• A cool shower or bath is a more effective way to cool off. Also, use your stove and oven less to maintain a cooler temperature in your home.

Schedule outdoor activities carefully

  • If you must be out in the heat, try to plan your activities so that you are outdoors either before noon or in the evening.
  • While outdoors, rest frequently in a shady area.
  • Resting periodically will give your body's thermostat a chance to recover.

Use a buddy system

  • When working in the heat, monitor the condition of your coworkers and have someone do the same for you. Heat-related illness can cause a person to become confused or lose consciousness.
  • During a heat wave, have a friend or relative call to check in on you twice a day if you are 65 years of age or older. If you know anyone in this age group, check on them at least twice a day.

Adjust to the environment

  • Be aware that any sudden change in temperature, such as an early summer heat wave, will be stressful to your body. You will have a greater tolerance for the heat if you limit your physical activity until you become accustomed to the heat.
  • If traveling to a hotter climate, allow several days to become acclimated before attempting any vigorous exercise, and work up to it gradually.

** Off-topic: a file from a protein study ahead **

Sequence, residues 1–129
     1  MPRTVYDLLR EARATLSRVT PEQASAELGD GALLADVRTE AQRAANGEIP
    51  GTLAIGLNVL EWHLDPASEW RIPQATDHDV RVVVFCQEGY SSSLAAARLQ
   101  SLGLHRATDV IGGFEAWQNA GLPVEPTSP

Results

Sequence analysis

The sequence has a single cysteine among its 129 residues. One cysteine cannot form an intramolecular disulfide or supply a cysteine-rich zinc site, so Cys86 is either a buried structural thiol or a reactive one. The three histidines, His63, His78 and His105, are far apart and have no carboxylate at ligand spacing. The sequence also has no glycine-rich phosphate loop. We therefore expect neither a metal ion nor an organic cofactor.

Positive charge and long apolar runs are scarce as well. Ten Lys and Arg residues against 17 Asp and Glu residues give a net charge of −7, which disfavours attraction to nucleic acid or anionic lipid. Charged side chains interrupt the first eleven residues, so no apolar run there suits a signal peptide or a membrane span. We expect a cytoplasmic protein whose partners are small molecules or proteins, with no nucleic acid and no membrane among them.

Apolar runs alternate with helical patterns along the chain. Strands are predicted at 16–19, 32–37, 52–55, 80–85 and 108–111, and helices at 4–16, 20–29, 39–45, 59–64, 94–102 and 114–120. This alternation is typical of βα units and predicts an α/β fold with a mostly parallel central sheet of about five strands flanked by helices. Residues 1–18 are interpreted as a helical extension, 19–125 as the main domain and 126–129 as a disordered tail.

Use common sense

  • Avoid hot foods and heavy meals as they may add heat to your body.
  • Do not ever leave infants, children, or pets in a parked car.
  • Dress infants and young children in cool, loose clothing and shade their heads and faces with hats or an umbrella. Make sure they use sunscreen when outdoors.
  • Limit sun exposure during the mid-day hours and in places of potential heavy sun exposure, such as beaches.
  • Ensure that infants and children drink adequate amounts of liquids.
  • Make sure to keep your pet cool by giving them plenty of fresh water, and leave the water in a shady area.

One last hot tip

These self-help measures are not a substitute for medical care but may help you recognize and respond promptly to warning signs of trouble. Your best defense against heat-related illness is prevention. Staying cool and making simple changes in your fluid intake, activities, and clothing during hot weather can help you remain safe and healthy.

Medically reviewed by Avrom Simon, MD; Board Certified Preventative Medicine with Subspecialty in Occupational Medicine


Centers for Disease Control and Prevention. Extreme Heat. <http://emergency.cdc.gov/disasters/extremeheat/index.asp>

Medically Reviewed by a Doctor on 10/6/2016